Susan Marot

susanmarot

Lincolnshire-bred business woman Susan Marot runs Marot Associates Ltd, which helps businesses sell more by improving their sales process. Susan works with them to design, improve or even deliver the sales the company needs. A sales person for almost 30 years, Susan is often engaged to speak at events on selling and has regular articles published by the Institute of Sales and Marketing Management in "Winning Edge".


What can a sales person do to ensure they are well motivated to go out and sell?

Selling is a tough, often lonely job. Not in the same league as nurses and firemen of course, but when it comes to getting out of bed to persuade someone to part with their or their company’s hard earned cash, I reckon it is probably well up the league table.

Therefore a sales person needs to be motivated to go out and sell. Do it well and the sky is their limit in terms of performance. However, do it badly and a change of career is probably on the cards. Being well motivated is key to becoming successful at selling.

Get positive and ensure they stay positive

This is usually easier said than done, but it is possible. Creating a positive environment will reduce negative thoughts. First identify and avoid negative people, then start to hang out with and learn from positive successful people. You will soon find that you have the mental strength to be more focussed and more stamina to maintain that positive mindset.

Set stretching goals

Everyone has heard an amazing story of someone achieving the seemingly impossible, so why not consider the thought that what might seem impossible, could actually be possible? What is your goal? Write it down, pin it up on the wall, imagine what life will be like when you have it.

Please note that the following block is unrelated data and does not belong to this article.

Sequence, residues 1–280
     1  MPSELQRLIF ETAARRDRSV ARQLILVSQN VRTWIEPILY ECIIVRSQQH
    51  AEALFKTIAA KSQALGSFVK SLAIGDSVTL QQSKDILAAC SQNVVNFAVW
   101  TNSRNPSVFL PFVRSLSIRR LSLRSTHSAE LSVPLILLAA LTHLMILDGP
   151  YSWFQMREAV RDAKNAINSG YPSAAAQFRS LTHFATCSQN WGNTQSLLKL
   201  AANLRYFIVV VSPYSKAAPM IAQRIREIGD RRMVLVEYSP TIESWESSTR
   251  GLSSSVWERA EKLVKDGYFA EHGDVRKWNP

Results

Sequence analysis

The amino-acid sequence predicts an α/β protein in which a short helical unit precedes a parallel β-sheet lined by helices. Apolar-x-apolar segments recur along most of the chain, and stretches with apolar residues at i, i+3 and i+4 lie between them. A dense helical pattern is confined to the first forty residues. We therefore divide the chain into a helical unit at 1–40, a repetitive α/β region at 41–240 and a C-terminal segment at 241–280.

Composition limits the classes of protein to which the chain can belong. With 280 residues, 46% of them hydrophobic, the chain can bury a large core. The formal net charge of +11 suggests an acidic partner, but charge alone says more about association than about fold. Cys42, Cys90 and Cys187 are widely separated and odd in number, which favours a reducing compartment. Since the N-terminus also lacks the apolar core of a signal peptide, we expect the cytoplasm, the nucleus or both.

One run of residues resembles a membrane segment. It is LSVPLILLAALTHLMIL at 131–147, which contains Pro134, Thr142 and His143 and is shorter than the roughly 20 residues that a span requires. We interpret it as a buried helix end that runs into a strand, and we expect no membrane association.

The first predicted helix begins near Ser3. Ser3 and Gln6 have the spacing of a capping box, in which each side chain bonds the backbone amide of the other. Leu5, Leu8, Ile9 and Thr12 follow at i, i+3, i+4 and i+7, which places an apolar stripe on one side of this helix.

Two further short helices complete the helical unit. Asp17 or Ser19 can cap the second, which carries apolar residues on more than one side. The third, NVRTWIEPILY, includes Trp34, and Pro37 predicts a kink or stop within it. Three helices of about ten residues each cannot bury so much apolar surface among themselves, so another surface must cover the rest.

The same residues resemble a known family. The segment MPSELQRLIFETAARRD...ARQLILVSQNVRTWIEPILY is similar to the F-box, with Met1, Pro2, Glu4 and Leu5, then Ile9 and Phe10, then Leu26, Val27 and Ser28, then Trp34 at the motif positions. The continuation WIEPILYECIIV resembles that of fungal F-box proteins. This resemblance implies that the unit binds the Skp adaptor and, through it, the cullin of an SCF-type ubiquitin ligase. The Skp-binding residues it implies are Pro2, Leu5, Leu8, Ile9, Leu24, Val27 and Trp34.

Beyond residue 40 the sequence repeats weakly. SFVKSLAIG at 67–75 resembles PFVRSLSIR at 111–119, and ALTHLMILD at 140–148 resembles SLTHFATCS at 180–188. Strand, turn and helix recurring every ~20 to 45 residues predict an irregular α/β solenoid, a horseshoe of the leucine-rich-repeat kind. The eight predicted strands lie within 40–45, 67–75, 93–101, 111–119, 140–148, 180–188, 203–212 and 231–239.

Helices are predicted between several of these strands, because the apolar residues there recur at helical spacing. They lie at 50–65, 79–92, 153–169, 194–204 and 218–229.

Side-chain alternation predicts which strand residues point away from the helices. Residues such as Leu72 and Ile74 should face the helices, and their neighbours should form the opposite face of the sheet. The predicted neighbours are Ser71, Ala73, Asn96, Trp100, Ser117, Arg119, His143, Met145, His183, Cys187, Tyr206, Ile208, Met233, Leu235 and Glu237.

Set SMART objectives

No matter what task a sales person needs to do in order to get to their goal, they could do an awful lot worse than setting “SMART” objectives for each one. Ensuring every objective, no matter how small, is Specific, Measureable, Achieveable, Realistice and Timely will help monitor if it is the right objective to achieve your goal. If the objective does not appear to meet SMART criteria, then be flexible and adjust the plan accordingly.

Reward yourself when you hit even the smallest goal

Incentivising oneself to achieve amazing sales success is a great way of motivating. No matter how small or large the goal, there should always be a reward, but don’t rely on others to do this for you. Whether it is a sports car or just a walk for 20 minutes to clear the head, always have a reward for achieving the sales activity you need to do.

Analyse poor performance

If a deal is lost or a target narrowly missed, don’t start a session of self-flagellation. Spend a small amount of time reviewing why that happened. If a sales person can work out why it all went wrong then they will find it so much easier to prevent it going wrong again. Ask a customer why they went elsewhere, talk to a colleague and find out what they did to be higher up the sales league table. The answers back may actually be surprising, but definitely of immense value.

Just do it!

“You may delay, but time will not,” said Benjamin Franklin. Don’t avoid difficult tasks, just get them over with quickly. First thing in the morning is probably one of the best times to do this ensuring a more positive mood for the rest of the day.

Record success

Keep a record of success. Big payslips, well done emails from colleagues, thank you’s and recommendations from clients. Whatever a sales person receives as recognition of their hard work should be recorded. When a boost of confidence is required, reviewing your success will keep you focused and motivated.

“The will to win, the desire to succeed, the urge to reach your full potential… these are the keys that will unlock the door to personal excellence.” – Confucius